T Nation

Post Cardio Nutrition


Sorry to bring up post-workout nutrition, I know that its been discussed at length, but I had a question I couldn't find an answer to...

I started splitting up my cardio (usually 20 min of intervals) and weight lifting sessions and I was wondering if my post workout meals should change as a result.

In the past, it was protein shake (20g protein) with creatine right after, then 2/3 cup oats (240 cal, 48 carb, 10g fiber) as soon as I got home. Would this still be ok even on cardio days? It seems like a lot of food for less work.

Fat loss is not the main goal, though I wouldn't mind losing some. I'm 5'3, 130 lbs and diet is moderately low carb (100g) and cals range between 1600 and 2000 (don't know if that helps at all)



Cardio can require as much or more protein in the diet as lifting. While it doesn't build much muscle, especially hard or long cardio can require a good deal of muscle repair.

Generally, with both cardio and lifting you want to get some simple sugars (not just protein) in quickly to promoted an insulin spike. Add some maltodextrin or even regular granulated sugar to your protein shake. This helps with getting glycogen stores replenished, but also helps transport the protein into the cells where it can begin going to work.

The carbs in oats, esp. w/ the fiber takes a lot longer to raise your blood sugar. Still better than nothing, but I'd shuffle them around to get fast digesting carbs in right away, cut the oatmeal and have a more regular meal about an hour or two after your workout (make sure you are still getting at least 30g. of fiber a day in your diet).

If you are wanting to lose a little fat even while adding the extra food, I'd just make sure that now that your cardio and lifting are on different days that you make sure both are as high quality as you can.

You can also add five minutes of slow cardio to the end of each workout to burn some extra calories without adding extra stress- sort of a pre-cool-down. You will also have the post-exercise metabolism boost twice as often as you did when you combined your cardio and lifting. It wont be twice as many calories, but being able to get high quality in on both sessions should produce a boost in calories burnt compared to what you were doing.

In other words, you should have much more productive cardio sessions (presuming before cardio followed lifting, if not it will be more productive lifting sessions) than you did and offset the additional calories of the extra post-workout food.

Just keep an eye on things, and if your waistline starts heading in the wrong direction, adjust by offsetting some calories elsewhere in the diet or doing a bit more exercise. I think you'll find you are pleased by the results.



aside from Surge and sugar, is there any other easy (and cost effective) way to get the simple sugars? can you get plain maltodextrin?


It would have to be a fairly taxing cardio effort to warrant the need to spike your insulin post. The objective with spiking your insulin is to shuttle the nutrients back in the muscle and glycogen stores that you deplete during your workout.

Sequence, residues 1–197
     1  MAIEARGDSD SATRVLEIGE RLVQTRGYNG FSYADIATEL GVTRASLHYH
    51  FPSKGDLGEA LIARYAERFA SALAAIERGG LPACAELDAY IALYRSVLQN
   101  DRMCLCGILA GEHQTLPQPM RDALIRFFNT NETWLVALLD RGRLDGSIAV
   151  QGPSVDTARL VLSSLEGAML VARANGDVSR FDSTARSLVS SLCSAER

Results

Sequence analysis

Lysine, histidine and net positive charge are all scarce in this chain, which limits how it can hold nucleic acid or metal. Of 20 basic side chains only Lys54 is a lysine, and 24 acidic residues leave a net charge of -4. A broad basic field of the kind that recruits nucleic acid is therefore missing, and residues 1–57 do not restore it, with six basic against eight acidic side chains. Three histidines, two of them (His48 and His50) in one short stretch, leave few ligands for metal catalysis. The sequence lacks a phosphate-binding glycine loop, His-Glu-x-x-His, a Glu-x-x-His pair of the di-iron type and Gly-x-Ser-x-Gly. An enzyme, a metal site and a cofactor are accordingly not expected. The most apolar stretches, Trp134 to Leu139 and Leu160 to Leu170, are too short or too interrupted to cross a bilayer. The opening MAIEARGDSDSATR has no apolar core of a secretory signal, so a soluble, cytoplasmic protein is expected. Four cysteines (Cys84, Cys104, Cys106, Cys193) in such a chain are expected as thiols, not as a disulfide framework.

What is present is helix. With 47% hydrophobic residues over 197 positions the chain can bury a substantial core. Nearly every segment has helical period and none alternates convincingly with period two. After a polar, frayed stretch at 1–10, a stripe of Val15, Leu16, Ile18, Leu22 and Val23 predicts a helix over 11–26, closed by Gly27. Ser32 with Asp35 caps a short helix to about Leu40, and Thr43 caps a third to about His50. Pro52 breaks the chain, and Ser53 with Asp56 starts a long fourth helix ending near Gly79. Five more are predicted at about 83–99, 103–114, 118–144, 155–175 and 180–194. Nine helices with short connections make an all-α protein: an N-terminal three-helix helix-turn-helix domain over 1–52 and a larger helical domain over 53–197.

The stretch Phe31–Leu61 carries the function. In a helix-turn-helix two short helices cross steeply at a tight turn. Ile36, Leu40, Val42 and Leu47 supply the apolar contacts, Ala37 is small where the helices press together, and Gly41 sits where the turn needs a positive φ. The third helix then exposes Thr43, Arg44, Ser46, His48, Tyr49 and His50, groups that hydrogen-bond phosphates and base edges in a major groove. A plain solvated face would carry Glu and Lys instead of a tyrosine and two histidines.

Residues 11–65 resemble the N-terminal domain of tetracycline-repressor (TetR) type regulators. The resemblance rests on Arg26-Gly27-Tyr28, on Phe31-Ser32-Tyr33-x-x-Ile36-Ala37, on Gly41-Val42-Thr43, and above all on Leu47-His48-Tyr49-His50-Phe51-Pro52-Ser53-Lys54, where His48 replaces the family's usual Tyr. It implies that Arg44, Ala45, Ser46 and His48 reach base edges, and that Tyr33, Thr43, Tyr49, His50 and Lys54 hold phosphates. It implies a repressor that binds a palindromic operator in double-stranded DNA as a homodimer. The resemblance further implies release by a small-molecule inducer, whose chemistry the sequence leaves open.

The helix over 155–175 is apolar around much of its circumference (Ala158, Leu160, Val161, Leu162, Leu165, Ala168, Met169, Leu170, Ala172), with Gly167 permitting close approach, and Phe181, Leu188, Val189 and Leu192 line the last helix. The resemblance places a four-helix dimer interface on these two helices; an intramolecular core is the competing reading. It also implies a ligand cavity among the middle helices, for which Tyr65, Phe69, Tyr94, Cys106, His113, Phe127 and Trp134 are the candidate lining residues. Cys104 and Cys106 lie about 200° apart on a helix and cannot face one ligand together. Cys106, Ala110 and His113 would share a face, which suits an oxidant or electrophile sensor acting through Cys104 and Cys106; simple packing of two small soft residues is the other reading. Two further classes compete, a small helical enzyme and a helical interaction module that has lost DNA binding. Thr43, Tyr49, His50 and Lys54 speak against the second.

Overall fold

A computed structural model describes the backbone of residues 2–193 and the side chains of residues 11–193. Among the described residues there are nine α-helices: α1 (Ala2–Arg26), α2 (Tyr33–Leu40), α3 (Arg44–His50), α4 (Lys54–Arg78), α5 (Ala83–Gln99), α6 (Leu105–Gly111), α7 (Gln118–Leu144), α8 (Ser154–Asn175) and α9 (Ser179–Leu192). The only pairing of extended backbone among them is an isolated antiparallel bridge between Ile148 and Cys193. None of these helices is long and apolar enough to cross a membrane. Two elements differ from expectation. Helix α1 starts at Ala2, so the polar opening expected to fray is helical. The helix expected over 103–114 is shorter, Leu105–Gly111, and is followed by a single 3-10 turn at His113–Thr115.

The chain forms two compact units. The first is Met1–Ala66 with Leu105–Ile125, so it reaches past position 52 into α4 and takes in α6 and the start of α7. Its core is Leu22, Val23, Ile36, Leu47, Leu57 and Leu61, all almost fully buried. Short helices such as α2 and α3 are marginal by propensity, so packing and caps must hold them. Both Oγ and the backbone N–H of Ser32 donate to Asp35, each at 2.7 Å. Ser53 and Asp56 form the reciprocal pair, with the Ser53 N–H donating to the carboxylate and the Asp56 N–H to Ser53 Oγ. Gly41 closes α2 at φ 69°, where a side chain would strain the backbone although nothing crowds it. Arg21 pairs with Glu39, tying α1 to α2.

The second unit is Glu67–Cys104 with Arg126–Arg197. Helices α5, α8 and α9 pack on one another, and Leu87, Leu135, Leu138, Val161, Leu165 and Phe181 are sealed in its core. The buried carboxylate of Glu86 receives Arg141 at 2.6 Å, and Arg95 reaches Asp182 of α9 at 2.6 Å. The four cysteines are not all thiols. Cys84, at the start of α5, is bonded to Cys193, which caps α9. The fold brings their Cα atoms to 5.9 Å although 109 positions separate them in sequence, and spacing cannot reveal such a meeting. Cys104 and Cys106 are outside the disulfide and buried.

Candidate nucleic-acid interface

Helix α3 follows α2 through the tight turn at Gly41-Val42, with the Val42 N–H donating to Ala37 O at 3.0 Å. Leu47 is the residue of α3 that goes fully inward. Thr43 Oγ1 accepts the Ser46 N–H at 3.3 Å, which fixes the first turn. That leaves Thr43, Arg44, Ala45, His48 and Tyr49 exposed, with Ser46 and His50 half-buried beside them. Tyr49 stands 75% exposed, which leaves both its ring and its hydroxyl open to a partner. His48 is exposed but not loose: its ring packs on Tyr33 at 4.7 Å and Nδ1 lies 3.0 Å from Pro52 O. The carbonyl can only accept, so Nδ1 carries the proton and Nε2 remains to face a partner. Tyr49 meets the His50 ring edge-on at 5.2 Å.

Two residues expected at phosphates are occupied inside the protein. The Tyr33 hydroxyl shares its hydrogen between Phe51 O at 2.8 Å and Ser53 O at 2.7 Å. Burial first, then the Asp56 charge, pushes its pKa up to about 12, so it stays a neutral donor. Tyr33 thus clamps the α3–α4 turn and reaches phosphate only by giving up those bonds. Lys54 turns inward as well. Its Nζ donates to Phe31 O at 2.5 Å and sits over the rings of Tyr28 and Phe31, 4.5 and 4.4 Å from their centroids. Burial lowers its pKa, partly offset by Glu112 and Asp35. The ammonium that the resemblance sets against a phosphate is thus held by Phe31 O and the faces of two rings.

Chances are during your cardio workout you aren't depleting those very much. Some simple protein is all you need to be concerned about. I wouldn't worry about sugar or an insulin spike. Now on days you do a combination workout, weights and cardio, I would definitely do somthing along the lines of Surge or the simpler version - "chocolate milk".


Yeah I buy plain Maxim powder but I dunno if you can get this brand in the US? You should be able to find something similar though.


The plain one doesn't really taste of anything, its just sort of mildly sweet.


I like the chocolate milk idea. milk + chocolate protein powder is the best! maybe a little choc syrup...to increase the carbs??

then again, I think I once read that dairy causes a fairly high insulin spike. Anyone know if this is true?


Dairy is one of those odd foods that has a low glycemic index, so people on Atkins & related diets thought it was good for them and shunned things like rice which had a high glycemic index.

It turns out that on the limited testing of foods for their actual blood insulin impact, dairy has a high insulin index (spikes insulin well per dose) while rice has a low insulin index. So, yes milk is good a spiking your insulin, although not as effective as dextrose (glucose) or maltodextrin.

I'd agree w/ eengrms76 that if you're only doing 20 minutes of intervals you mentioned when you did cardio & lifting at the same time (presumably with at least a few minutes warm up and cool down), you don't really need to spike your insulin, but you do want to make sure that you have a good supply of blood glucose to prevent your body turning to protein as a fuel source and to give your body the energy it needs to use the protein you give it to repair the muscle tissue damage.

I tend to sip something with a mixture of simple carbs and proteing a bit at the start, some during, and some after. This is particularly important if you lifted the prior day to keep the muscle growth from that session going.

If however, your intervals go beyond 20-25 minutes, and they are hard, you will definitely get into glycogen depletion. If it is slower, steady state aerobic work for less than 45 minutes or so, you will need almost nothing.


Just plain Surge should give you a hefty dose of carbs, no need to add anything to it (maybe just creatine). The formula is very good. Pretty hard to improve upon it.

1...2 hours later, eat a real meal. But you'll figure that out alone, your body will scream for that meal, trust me.